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Posted: Sun Mar 06, 2016 09:49
How are these Bradley smokers? How easy are they to moved around once assembled?
Posted: Sun Mar 06, 2016 15:14
Sounds like you got the bug Lou!
The small smokers like the Bradley are portable and easily moved around. The Bradley also has a smoke generator but the wafers are pricey.
Posted: Sun Mar 06, 2016 15:55
LOUSANTELLO wrote:How are these Bradley smokers? How easy are they to moved around once assembled?
I have the original 4 rack Bradley. Moving it around is easy especially mine now that it sits on a caster mounted table. Check out the Bradley forum as there are a number of mods that can be done to them. Eg, I am upgrading the original 500 watt element to 750 watt to get a faster higher heat. The benefit of the Bradley is ease of use. While the pucks are pricey the advantage is that you can load the unit with the number of pucks needed to smoke for the time desired (3 per hour). The feed is automatic. When I had the masterbuilt propane I had to attend to it all the time. Not so the Bradley. Finally, when I do cold smoke my bacon over 3 shifts of 6 hours each, I don't use the pucks. I use the a-maze-n smoke generator.
Posted: Sun Mar 06, 2016 18:54
Nice job on the smokies
Posted: Mon Mar 07, 2016 14:52
redzed wrote:I also used to smoke with a Bradley but had problems with getting the temp up in it especially when it was loaded. And like most home smokers you have to move the sausages around while smoking as the heat is not distributed evenly.
Idon't disagree with Chris which explains the mod to 750Watt heater. I consider the Bradley to be in the low to middle range of smokers for the hobbyist with its primary beneif to me being less time attending to it during the process. I'm not aware of any vertical smoker that has even heat distribution without some help. Bradley's newest smoker now has two temperature probes to manage this issue. Just say'n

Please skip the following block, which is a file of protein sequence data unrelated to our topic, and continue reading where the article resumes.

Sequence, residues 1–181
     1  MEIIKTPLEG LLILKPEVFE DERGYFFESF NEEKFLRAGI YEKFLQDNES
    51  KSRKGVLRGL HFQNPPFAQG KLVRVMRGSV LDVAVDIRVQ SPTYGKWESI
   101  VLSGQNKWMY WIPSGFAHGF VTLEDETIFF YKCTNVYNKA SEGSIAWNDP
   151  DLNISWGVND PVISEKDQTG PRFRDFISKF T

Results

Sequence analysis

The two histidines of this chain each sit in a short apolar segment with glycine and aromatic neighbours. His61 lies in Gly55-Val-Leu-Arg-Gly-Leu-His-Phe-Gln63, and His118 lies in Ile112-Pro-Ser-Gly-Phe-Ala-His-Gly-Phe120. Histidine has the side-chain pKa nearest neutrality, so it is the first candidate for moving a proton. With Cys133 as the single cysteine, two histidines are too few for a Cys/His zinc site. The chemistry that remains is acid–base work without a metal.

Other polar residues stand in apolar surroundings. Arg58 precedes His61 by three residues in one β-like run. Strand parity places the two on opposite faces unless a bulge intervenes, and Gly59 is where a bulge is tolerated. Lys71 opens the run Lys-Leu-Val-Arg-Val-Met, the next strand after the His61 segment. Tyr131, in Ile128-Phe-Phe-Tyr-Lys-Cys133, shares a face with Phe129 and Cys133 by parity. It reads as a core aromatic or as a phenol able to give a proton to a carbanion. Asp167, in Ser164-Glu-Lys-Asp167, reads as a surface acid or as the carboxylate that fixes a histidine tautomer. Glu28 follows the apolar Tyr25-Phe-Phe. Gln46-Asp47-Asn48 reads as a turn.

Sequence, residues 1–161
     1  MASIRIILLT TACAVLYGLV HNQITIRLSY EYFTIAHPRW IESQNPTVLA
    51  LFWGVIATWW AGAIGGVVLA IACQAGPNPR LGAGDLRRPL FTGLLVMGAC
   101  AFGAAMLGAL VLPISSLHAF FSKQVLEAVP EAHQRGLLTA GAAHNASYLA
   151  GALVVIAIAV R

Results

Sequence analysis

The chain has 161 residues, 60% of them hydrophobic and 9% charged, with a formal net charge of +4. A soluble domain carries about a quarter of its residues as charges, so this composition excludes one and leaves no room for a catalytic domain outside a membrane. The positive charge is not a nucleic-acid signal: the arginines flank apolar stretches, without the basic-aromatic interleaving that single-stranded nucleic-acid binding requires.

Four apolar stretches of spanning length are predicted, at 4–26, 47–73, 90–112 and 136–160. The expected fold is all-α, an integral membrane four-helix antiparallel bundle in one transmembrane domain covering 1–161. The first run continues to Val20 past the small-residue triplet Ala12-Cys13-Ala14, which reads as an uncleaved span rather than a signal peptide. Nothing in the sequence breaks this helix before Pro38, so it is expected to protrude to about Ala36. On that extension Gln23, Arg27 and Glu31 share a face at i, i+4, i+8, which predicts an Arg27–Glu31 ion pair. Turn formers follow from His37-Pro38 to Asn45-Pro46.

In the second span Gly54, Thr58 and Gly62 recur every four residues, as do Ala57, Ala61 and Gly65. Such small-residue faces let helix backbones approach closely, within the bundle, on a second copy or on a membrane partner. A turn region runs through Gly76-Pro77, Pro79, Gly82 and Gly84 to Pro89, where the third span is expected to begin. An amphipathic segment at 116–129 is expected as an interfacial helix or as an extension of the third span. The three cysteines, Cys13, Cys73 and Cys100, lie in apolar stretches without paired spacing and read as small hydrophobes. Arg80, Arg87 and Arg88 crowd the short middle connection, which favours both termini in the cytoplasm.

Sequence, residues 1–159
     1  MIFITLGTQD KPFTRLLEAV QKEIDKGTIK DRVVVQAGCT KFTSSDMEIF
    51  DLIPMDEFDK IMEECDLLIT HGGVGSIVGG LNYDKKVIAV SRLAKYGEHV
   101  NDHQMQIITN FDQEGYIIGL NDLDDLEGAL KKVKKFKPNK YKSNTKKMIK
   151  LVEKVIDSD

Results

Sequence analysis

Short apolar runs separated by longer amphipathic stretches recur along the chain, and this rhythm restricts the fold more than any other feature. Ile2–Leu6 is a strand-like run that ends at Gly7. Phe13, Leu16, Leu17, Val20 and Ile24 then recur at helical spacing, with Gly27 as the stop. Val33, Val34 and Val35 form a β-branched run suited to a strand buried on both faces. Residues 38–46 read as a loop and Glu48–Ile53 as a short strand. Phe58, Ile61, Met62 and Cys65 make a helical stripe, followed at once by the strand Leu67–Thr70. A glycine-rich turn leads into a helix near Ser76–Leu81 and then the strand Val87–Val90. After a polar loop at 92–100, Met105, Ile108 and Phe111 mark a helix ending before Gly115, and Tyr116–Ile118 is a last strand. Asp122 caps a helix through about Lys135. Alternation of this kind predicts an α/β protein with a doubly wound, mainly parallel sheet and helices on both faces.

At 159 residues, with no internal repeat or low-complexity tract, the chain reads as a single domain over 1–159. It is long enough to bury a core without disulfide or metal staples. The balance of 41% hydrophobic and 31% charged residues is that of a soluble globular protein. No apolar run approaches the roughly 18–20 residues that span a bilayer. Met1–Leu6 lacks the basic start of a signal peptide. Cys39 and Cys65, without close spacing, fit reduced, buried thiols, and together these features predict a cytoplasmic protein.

Posted: Mon Mar 07, 2016 17:10
Unfortunately Phil the separate temp probes only monitor the temp at different levels.....
But its Bluetooth so you can control it from your phone
Posted: Mon Mar 07, 2016 20:11
As you know Bob, most folks smoking only use one internal temperature probe, even on the 6 rack model, and there are many discussions as to where to locate it. In the new unit, which is a ten rack, it obviously became necessary to use the 2 probes to better allow the operator to control the uneven heat distribution. I chose not to mention the bluetooth feature because it wasn't relative to the point of the discussion
Posted: Tue Mar 08, 2016 03:03
I stopped by a Cabela's yesterday and based on the "set it and forget it", I thought I was impressed with the Bradley digital. I walked out empty handed debating how much I would use it. For slow roasted prok butts and ribs, I already own a primo grill which is amazing. Based on cold smoking and ultra low heat smoking, now I ask which is the preferred smoker? I would love your opinions. Thanks.
Posted: Tue Mar 08, 2016 20:46